Most NYPD cops don’t want to wear body cameras — but they may soon get paid for their trouble.
In an effort to sweeten the pot in contract talks with the police union, City Hall is offering a 1 percent salary bump for officers forced to use the equipment.
A total of 1,000 will be chosen to wear the cams by the end of next year as part of the NYPD’s compliance with a 2013 federal court order.
They will be chosen by federally appointed monitor Peter Zimroth and his team from 20 precincts with the highest crime rates. The cameras will eventually be required for all of the NYPD’s approximately 20,000 patrol cops.
City negotiators offered the 1 percent bonuses during a Dec. 16 mediation session as part of a slew of incentives to resolve its contract dispute with the Patrolmen’s Benevolent Association, sources said.
But a union source said they need to see the fine print of the camera proposal before considering it.
“This is not a negotiation. It’s mediation,” the source said. “The city’s proposal is vague. The devil, as they say, is in the details of which there are none.”
Union sources believe the offer is just a desperate attempt by Mayor de Blasio to resolve contract issues and win over the rank-and-file before his run for re-election heats up.
“De Blasio just wants cops to think he is being nice to them for once,” a source said.
The city has offered the PBA 9 percent raises retroactive for time worked from August 2012 to July 2017, sources said.
NYPD cops have been working without a contract since 2012.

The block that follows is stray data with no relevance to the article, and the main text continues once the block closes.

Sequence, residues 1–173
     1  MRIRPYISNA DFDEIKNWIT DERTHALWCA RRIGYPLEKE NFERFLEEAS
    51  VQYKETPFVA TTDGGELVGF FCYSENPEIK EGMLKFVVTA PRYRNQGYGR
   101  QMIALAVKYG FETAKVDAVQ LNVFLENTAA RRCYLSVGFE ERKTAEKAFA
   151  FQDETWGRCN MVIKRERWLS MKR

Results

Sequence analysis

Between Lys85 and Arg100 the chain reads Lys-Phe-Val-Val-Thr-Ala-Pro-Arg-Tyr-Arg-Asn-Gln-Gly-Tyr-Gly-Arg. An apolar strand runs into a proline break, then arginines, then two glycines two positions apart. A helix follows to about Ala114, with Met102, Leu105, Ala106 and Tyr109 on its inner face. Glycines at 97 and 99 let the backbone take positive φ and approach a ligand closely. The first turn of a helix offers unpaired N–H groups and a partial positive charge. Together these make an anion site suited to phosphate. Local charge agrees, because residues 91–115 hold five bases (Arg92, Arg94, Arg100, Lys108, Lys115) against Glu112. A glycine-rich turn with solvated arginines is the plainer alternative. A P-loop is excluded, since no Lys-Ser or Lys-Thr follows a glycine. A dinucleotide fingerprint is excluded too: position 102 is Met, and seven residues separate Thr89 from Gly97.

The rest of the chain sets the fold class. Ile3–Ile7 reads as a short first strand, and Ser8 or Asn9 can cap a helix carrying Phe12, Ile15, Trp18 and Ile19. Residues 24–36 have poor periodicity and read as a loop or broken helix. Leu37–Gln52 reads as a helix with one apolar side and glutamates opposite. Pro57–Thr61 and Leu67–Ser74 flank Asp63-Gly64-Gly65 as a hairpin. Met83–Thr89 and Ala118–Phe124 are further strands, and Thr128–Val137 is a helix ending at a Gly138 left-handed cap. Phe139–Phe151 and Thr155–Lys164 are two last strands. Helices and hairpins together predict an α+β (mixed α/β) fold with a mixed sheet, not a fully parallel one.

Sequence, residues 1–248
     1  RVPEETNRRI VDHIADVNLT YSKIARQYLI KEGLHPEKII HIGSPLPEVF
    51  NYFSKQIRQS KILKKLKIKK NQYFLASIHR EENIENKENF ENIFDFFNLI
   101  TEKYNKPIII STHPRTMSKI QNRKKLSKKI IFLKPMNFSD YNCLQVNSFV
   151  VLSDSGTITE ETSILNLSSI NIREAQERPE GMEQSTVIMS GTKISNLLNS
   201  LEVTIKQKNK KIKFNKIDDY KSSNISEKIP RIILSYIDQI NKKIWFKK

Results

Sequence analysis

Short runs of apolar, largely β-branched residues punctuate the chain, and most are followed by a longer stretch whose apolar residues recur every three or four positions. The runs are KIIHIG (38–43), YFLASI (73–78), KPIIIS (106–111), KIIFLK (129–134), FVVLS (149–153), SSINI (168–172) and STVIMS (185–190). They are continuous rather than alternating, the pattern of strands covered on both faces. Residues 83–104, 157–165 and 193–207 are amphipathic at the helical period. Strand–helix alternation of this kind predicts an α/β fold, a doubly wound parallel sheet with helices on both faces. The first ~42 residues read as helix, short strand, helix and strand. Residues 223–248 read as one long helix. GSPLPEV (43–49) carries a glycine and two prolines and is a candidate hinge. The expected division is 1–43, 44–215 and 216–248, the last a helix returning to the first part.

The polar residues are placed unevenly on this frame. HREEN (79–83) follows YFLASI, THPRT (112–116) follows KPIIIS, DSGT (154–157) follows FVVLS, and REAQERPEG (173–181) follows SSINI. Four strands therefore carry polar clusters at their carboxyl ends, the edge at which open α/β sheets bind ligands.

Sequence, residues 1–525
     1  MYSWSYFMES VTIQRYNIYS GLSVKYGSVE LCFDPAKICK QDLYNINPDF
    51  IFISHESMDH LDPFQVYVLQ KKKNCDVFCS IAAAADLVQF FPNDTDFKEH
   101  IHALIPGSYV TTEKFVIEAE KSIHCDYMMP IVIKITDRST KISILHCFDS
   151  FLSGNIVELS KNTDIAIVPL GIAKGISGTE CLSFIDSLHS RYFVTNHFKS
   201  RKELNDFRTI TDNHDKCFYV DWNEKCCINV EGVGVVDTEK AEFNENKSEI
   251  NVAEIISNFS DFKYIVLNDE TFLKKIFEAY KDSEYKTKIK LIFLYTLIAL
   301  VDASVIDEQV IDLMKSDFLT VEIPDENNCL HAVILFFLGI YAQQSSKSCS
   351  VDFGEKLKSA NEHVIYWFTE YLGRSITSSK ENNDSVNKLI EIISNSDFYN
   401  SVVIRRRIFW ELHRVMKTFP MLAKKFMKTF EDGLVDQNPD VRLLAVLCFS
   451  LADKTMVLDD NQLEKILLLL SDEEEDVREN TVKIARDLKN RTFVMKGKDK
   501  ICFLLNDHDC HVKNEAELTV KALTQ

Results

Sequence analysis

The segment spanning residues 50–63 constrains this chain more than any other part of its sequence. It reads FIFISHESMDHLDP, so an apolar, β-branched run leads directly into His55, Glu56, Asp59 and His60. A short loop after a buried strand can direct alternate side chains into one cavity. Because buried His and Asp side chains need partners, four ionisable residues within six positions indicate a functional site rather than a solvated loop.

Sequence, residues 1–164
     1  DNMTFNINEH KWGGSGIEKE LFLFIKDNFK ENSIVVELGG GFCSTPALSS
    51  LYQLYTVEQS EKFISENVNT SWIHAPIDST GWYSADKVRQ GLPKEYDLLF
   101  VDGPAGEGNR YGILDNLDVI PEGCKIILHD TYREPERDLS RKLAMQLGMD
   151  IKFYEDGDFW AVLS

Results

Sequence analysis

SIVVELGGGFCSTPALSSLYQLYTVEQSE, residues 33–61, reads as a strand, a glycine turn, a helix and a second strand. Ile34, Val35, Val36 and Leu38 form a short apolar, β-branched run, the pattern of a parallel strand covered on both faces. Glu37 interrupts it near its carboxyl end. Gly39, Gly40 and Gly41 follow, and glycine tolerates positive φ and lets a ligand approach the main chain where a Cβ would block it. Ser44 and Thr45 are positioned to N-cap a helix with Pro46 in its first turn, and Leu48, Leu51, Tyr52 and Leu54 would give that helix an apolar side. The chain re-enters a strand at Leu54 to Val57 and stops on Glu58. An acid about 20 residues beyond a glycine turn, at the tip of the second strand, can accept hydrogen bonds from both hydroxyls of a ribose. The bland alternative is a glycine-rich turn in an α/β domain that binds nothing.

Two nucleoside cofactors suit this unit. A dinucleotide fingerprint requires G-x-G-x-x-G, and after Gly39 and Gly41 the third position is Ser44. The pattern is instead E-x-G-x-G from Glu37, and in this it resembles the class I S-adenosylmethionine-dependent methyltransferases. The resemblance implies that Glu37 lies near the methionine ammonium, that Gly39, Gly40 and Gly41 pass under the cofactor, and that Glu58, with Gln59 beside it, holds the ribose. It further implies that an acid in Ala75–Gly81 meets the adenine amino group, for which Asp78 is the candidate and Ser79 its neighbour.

In addition to the body-cam incentive, the city also offered to pay an extra $2,500 to every cop who works on patrol — and another $750 to officers if they have a bachelor’s degree or higher, sources said.
Several union members complained that the proposal package calls for killing an annual $522 annuity for new hires.
“None of the other unions had to give anything up, so bonuses are at a cost” to PBA members, a source said.
The source added that the proposed bonuses will have strings attached.
“There are a lot of clauses that will eliminate cops from getting the bonuses, whether it is because of Civilian Complaint Review Board complaints or if they were in the military and didn’t get to go to college,” the source said.
A City Hall spokesman declined to comment.
PBA President Patrick Lynch said that, as of now, the city’s offer isn’t up to snuff.
“New York City police officers do a difficult and dangerous job, one that is different from the job of any other city worker,” he said in a statement.
“Our members remain the lowest-paid police officers in this area. They deserve more than any of the proposals the city has put on the table so far.’’
Police have resisted body cameras in several cities, and sources say most NYPD cops also are reluctant to use them.
“They are inevitable,” Eugene O’Donnell, a former NYPD cop and a professor of law and police studies at John Jay College of Criminal Justice, said of the cameras.
But while “they will usually vindicate the cops . . . any seasoned street cop knows it will be the end of most self-initiated police work. The stakes are too high.”
In Boston, Police Commissioner Bill Evans made the city’s body-cam program mandatory after no one volunteered for a pilot project.
Cops in Cincinnati also have asked for salary bumps for wearing the devices.
The NYPD held a pilot body-cam program that included 54 cops in six commands who volunteered to wear the devices. It ended in March.